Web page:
Michele Dalla Vestra, Gaetano Crepaldi
Department of Medical and Surgical Sciences, Clinica Medica I
University of Padova, Italy
Although the projections of a large increase in the prevalence rates of diabetes are concordant, there are discrepancies in the actual rates in some countries (1). It is extremely difficult to describe the epidemiology of diabetes in Europe, since there are no national registries available to assess the number of patients with type 1 or type 2 diabetes. Prevalence of diabetes in adults worldwide was estimated to be 4% in 1995 and it will increase sharply in the future (2). Between 1995 and 2025 the adult population will increase by 64%; the prevalence of diabetes in adults will increase by 35%, and the number of diabetic patients will increase by 122%. For the developed countries there will be an 11% increase in the adult population, a 27% increase in the prevalence of adult diabetes, and a 42% increase in the number of diabetic patients. For the developing countries there will be an 82% increase in the adult population, a 48% increase in the prevalence of adult diabetes, and a 170% increase in the number of diabetic patients (2). Prevalence is higher in developed than in developing countries and will remain so until 2025, although the proportional increase will be greater in the developing countries. Thus diabetes, especially type 2, is evolving as a major health problem in both developed and developing countries.
Type 1 diabetes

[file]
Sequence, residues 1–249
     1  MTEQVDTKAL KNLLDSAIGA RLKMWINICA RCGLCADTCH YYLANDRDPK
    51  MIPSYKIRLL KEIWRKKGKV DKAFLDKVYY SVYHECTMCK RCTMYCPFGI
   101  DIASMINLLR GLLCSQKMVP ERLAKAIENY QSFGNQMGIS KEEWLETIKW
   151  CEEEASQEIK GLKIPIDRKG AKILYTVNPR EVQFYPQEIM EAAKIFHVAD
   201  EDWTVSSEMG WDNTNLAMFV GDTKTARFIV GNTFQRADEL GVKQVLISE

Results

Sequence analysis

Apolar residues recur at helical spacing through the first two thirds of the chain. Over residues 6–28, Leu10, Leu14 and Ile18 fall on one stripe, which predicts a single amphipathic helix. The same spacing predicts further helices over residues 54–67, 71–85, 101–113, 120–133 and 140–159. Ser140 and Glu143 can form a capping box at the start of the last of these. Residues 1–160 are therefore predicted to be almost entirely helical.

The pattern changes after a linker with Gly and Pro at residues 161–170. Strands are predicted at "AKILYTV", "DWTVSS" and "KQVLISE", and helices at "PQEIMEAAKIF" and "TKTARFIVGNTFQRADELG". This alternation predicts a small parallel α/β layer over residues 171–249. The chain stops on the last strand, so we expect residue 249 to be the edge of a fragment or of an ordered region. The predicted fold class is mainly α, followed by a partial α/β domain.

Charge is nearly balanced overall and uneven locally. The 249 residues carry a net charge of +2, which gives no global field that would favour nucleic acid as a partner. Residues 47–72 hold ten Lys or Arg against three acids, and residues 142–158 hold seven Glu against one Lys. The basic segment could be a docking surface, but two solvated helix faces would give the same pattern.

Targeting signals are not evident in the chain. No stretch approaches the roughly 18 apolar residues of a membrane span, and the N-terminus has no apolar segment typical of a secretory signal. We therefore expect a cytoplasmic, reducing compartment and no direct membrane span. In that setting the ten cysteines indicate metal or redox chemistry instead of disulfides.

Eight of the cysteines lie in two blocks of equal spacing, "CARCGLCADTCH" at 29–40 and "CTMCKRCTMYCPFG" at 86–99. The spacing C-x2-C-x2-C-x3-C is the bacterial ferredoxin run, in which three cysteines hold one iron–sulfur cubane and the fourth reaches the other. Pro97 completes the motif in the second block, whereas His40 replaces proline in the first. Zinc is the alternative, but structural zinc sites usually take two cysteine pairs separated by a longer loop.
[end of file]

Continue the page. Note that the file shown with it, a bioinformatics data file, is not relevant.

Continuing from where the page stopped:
The incidence of type 1 diabetes in children younger than 15 years of age has been extensively reported, but few data, and none from Europe, are currently available on the incidence of type 1 diabetes in older age groups. In the Mediterranean and neighboring areas the incidence rates of type 1 diabetes under the age of 15 years show wide variations. In Italy the incidence of type 1 diabetes in children aged 0-14 years is 6-11.7 (per 100 000 per year), while in Sardinia the incidence is 34.4, one of the highest in Europe (3). In general, the highest incidence is among subjects aged 10-14 years and the lowest in children aged 0-5 years for both genders. However an earlier incidence peak in children aged 5-9 years is a common feature of insular Italian areas, but not of Northern Italy (3). In France, Levy-Marchal showed that the annual diabetes incidence rates for 1988 and 1995 were 7.17 and 9.28 per 100,000, respectively; this study included 2 million subjects younger than 20 years of age (4). Similar results have been reported in Spain (8-10.9 per 100 000 per year), in Croatia and Slovenia (7.2 and 7.6 per 100 000 per year, respectively) (3). The incidence in the Mediterranean countries is different from the incidence in Northern Europe; indeed in Finland, Tuomilehto et al reported that for children younger than 14 years, the annual incidence rate in 2000 was 45 per 100 000 (5). In contrast with other European countries, the incidence of the disease in the Mediterranean area does not follow any geographical pattern.